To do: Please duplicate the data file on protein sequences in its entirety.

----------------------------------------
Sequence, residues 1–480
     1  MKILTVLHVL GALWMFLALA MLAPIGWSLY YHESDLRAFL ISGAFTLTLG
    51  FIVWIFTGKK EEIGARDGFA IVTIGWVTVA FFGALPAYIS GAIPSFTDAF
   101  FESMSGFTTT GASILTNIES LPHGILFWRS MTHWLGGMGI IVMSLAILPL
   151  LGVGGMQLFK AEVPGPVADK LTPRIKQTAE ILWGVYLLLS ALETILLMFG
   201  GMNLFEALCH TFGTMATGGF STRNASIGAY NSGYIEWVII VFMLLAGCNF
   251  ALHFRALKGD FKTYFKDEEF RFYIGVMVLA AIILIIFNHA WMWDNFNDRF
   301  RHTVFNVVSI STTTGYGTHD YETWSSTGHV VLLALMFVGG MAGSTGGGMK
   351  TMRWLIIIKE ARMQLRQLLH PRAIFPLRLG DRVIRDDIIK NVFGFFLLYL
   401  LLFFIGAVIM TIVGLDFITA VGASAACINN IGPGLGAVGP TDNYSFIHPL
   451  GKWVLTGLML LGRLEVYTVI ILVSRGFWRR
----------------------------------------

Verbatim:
Sequence, residues 1–480
     1  MKILTVLHVL GALWMFLALA MLAPIGWSLY YHESDLRAFL ISGAFTLTLG
    51  FIVWIFTGKK EEIGARDGFA IVTIGWVTVA FFGALPAYIS GAIPSFTDAF
   101  FESMSGFTTT GASILTNIES LPHGILFWRS MTHWLGGMGI IVMSLAILPL
   151  LGVGGMQLFK AEVPGPVADK LTPRIKQTAE ILWGVYLLLS ALETILLMFG
   201  GMNLFEALCH TFGTMATGGF STRNASIGAY NSGYIEWVII VFMLLAGCNF
   251  ALHFRALKGD FKTYFKDEEF RFYIGVMVLA AIILIIFNHA WMWDNFNDRF
   301  RHTVFNVVSI STTTGYGTHD YETWSSTGHV VLLALMFVGG MAGSTGGGMK
   351  TMRWLIIIKE ARMQLRQLLH PRAIFPLRLG DRVIRDDIIK NVFGFFLLYL
   401  LLFFIGAVIM TIVGLDFITA VGASAACINN IGPGLGAVGP TDNYSFIHPL
   451  GKWVLTGLML LGRLEVYTVI ILVSRGFWRR